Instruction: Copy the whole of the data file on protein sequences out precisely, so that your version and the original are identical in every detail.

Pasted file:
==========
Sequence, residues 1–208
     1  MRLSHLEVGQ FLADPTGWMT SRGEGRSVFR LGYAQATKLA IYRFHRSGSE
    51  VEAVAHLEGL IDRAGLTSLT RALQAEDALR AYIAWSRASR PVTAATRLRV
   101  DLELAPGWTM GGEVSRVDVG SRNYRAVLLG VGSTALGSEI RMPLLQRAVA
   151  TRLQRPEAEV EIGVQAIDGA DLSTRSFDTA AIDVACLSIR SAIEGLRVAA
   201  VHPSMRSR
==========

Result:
Sequence, residues 1–208
     1  MRLSHLEVGQ FLADPTGWMT SRGEGRSVFR LGYAQATKLA IYRFHRSGSE
    51  VEAVAHLEGL IDRAGLTSLT RALQAEDALR AYIAWSRASR PVTAATRLRV
   101  DLELAPGWTM GGEVSRVDVG SRNYRAVLLG VGSTALGSEI RMPLLQRAVA
   151  TRLQRPEAEV EIGVQAIDGA DLSTRSFDTA AIDVACLSIR SAIEGLRVAA
   201  VHPSMRSR